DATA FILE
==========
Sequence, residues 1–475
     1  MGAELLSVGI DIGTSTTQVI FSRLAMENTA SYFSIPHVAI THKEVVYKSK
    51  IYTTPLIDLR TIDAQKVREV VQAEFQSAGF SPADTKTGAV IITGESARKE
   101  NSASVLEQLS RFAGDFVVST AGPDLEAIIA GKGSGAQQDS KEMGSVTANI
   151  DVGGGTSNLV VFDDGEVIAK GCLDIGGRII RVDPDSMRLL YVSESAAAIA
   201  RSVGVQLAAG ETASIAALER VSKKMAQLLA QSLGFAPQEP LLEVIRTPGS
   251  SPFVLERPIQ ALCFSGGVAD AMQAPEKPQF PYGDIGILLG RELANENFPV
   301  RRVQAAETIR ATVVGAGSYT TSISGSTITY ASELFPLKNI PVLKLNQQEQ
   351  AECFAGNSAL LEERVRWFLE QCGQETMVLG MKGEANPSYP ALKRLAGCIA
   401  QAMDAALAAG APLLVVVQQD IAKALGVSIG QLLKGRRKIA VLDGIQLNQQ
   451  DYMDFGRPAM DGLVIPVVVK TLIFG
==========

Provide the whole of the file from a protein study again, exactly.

Sequence, residues 1–475
     1  MGAELLSVGI DIGTSTTQVI FSRLAMENTA SYFSIPHVAI THKEVVYKSK
    51  IYTTPLIDLR TIDAQKVREV VQAEFQSAGF SPADTKTGAV IITGESARKE
   101  NSASVLEQLS RFAGDFVVST AGPDLEAIIA GKGSGAQQDS KEMGSVTANI
   151  DVGGGTSNLV VFDDGEVIAK GCLDIGGRII RVDPDSMRLL YVSESAAAIA
   201  RSVGVQLAAG ETASIAALER VSKKMAQLLA QSLGFAPQEP LLEVIRTPGS
   251  SPFVLERPIQ ALCFSGGVAD AMQAPEKPQF PYGDIGILLG RELANENFPV
   301  RRVQAAETIR ATVVGAGSYT TSISGSTITY ASELFPLKNI PVLKLNQQEQ
   351  AECFAGNSAL LEERVRWFLE QCGQETMVLG MKGEANPSYP ALKRLAGCIA
   401  QAMDAALAAG APLLVVVQQD IAKALGVSIG QLLKGRRKIA VLDGIQLNQQ
   451  DYMDFGRPAM DGLVIPVVVK TLIFG